He will also be remembered  for his dedication to Hampton Wick. He was a founder member of the Hampton Wick Association in 1962 established originally to oppose a flyover extension to the Kingston one way system which  would  have  destroyed  half  the  village  and  chaired  the Association  for  many  years.  In  1977  he  and  his wife  Mu  recreated  the  Victorian  festival Chestnut Sunday which takes part on the Sunday closest to May 11th each year (co-­incidentally also Colin’s birthday) and he has attended every year since -­ wearing his Victorian top hat. He is a member of the friends of Home and Bushy Parks and helped man the information desk in the Pheasantry  Welcome  Centre.  He was also a local historian  and often gave talks on the History  of Hampton Wick  and  was  a  strong  supporter  of  the  recently  formed  Hampton  Wick  History  Group.  In  2007  he  was awarded a Community Award by Richmond Council for Voluntary Service for outstanding services to volunteering in Richmond Borough.

Amongst all this he had various hobbies. He was an amateur cinematographer (favouring his beloved standard 8) and cartoonist. He won many awards for his films at the Whitehall Cine club, SERIAC and the IACs top ten as well as internationally.  He was also fascinated with magic lanterns and often put on shows with magic lantern slides and was an active member of the Magic Lantern Society.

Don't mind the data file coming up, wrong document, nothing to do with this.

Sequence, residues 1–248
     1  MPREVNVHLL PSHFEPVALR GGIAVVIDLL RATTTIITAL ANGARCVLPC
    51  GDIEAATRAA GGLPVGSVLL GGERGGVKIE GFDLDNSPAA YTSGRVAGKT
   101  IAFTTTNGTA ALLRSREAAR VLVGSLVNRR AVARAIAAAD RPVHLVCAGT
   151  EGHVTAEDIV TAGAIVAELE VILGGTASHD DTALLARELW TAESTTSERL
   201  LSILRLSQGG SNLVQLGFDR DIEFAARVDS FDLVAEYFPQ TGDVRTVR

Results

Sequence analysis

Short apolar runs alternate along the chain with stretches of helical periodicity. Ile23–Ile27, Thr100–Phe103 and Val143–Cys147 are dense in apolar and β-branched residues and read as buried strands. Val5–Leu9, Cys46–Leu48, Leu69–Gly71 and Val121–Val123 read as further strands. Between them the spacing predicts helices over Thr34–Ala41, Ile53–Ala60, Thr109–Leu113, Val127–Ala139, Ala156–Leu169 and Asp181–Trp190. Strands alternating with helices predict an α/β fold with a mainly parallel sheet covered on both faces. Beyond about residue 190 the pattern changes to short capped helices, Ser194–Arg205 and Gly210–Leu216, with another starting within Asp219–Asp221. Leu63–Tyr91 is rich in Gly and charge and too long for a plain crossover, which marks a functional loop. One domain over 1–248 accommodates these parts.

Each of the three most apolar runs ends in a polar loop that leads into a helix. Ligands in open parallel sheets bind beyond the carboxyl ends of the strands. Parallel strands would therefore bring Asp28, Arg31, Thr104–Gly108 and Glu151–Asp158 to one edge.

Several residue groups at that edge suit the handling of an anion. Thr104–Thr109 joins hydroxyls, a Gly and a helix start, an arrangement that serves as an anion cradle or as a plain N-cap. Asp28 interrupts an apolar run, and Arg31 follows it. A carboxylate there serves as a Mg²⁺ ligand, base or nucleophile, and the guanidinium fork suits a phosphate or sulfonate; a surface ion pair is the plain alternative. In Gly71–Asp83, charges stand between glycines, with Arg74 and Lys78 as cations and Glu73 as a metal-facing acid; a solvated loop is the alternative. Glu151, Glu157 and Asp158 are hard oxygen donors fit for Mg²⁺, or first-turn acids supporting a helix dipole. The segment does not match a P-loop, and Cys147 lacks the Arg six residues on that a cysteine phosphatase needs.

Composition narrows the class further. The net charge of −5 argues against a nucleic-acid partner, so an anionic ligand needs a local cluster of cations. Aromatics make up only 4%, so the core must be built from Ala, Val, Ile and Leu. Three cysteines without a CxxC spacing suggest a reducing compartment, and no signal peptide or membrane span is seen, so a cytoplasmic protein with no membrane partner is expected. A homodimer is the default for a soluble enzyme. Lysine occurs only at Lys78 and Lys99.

With his beloved wife Mu (who sadly died in 2000) he helped form the Thameswick Players Amateur Dramatic Group and used his architectural expertise to build incredible stage sets. He acted once but much preferred to be behind the scenes.

Above all of these activities he will be remembered as a loving family man. A great husband to Mu, a brother to Barrie and a wonderful father to Richard, Michael and David and Grandfather  to Jon, James, Ben , Emma, Hannah, Jessica and Ellie. "

Photo: Colin (left) with friend and fellow student Sandy Miller on the roof of the 7 Bedford Square (then owned by the AA), October 1948.


Edward Fawcett OBE 1920-2013

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David Jacques, former head of the AA Garden Conservation, remembers Edward (Ted) Fawcett, the founder of the course who died on 19 October 2013 aged 93.

"Edward Charles Richard Fawcett came to prominence in 1969 when he was appointed the National Trust’s first Director of Public Relations. He was responsible for expanding the membership greatly, and taking the measures (including the shops) for handling a huge increase in visitor numbers, especially to its gardens. Retiring in 1984 with an OBE, he pursued his great private interest in historic gardens, getting involved at Chiswick, Osterley and in the Garden History Society.

His wife Jane, who was teaching on the AA Building Conservation course at the time, suggested to Alvin Boyarsky, AA Chairman, that Ted might run a complementary course in historic garden conservation. Garden history and garden conservation were rapidly expanding topics, and the course, starting in 1986, was the world’s first of its sort. As with Building Conservation, the course was one day per week over 2 years. Ted’s extensive network in that world paid off in the huge variety of lecturers, and the course thrived.

By the late 1990s it was clear that the course needed accreditation, and it first became a Postgraduate Diploma and then an MA. Meanwhile Ted retired again, aged 80, handing over to David Jacques.